Customer Relationship Marketing (CRM) represents a paradigm shift from Transaction Marketing (TM).
TM companies focus on products and making a sale. CRM companies focus on building a long-term relationship that produces satisfaction for the customer and profitability for the company.
TM companies promote everywhere in search of customers. CRM companies promote to a defined customer group and aim to make the right offer at the right time using the right channel to the right customer.
All companies must practice a mix of TM and RM. TM will be stronger in companies facing a large number of customers; RM will be stronger in companies facing a small number of customers.
Technology-enabled marketing (TEM) combines information technology, analytical capacities, marketing data , and marketing knowledge , made available to one or more marketing decision makers to improve the quality of marketing management.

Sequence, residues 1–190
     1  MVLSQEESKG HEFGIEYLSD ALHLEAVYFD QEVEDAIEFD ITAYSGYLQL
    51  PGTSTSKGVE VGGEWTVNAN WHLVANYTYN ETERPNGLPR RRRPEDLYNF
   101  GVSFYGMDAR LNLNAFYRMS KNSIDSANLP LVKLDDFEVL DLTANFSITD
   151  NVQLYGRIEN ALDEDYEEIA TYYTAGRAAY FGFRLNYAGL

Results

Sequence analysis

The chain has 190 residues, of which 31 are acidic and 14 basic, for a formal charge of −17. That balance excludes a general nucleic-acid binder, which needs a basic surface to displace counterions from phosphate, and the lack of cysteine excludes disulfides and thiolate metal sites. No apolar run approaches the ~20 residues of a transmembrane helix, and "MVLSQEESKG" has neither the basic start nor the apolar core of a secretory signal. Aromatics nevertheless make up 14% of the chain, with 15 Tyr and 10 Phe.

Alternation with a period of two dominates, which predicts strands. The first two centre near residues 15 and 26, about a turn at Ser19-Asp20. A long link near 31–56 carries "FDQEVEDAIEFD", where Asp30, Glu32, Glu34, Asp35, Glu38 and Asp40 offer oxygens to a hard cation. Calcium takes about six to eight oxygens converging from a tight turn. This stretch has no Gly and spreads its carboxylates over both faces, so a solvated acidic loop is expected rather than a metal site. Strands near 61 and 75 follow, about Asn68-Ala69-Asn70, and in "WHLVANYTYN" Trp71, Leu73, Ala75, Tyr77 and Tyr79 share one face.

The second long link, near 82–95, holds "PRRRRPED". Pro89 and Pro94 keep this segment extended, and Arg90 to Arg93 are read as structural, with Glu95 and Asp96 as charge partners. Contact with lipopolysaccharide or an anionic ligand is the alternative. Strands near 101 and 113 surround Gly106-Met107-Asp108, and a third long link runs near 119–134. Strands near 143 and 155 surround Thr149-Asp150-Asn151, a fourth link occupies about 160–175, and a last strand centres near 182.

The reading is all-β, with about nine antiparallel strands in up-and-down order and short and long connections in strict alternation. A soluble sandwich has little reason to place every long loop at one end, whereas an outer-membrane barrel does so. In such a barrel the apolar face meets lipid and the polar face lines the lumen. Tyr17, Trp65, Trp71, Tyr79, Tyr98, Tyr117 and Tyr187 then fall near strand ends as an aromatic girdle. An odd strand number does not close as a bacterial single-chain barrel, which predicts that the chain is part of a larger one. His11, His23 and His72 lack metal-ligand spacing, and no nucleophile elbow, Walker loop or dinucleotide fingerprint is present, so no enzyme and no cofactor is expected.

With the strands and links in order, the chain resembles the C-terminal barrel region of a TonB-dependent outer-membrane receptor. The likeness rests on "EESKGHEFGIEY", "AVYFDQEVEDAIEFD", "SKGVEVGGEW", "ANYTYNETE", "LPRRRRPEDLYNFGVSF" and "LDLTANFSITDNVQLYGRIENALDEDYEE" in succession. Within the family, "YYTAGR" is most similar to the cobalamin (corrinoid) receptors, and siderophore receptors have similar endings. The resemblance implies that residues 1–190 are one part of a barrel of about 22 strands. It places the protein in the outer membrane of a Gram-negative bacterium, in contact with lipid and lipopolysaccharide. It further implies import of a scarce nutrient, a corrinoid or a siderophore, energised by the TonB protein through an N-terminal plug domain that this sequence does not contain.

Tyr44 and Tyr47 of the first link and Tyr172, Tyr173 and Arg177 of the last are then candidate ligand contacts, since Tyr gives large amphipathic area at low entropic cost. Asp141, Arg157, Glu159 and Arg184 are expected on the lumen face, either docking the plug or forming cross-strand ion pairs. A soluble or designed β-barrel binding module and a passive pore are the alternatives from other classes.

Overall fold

Precision marketing is achieved through looking at large quantities of historic data with the help of data mining tools that search for meaningful patterns, and then creating mathematical equations that represent the underlying relationships within the data.
Predictive analytics are used to identify the right offers and right messages to beam through different channels to narrow customer segments, based on the propensity to respond. The expected profit of a campaign can be estimated.
Many tactical marketer tasks will be automated and free up marketers to focus on more strategic decision making.
A credit card for everyone, but with different interest rates, credit lines, and cash advances.
Tesco has identified 5,000 customer “needs” segments. It sends out some 300,000 variations of any given offer with redemption rates of 90%. It has formed clubs such as Baby Club, A World of Wine Club, My Time Club
Kraft has the names of 110 million customers and 20 thousand facts for each household. Kraft launched print magazine, Food & Family, that is delivered to the homes of 2.1 million Kraft customers in 32 versions tailored to 32 segments.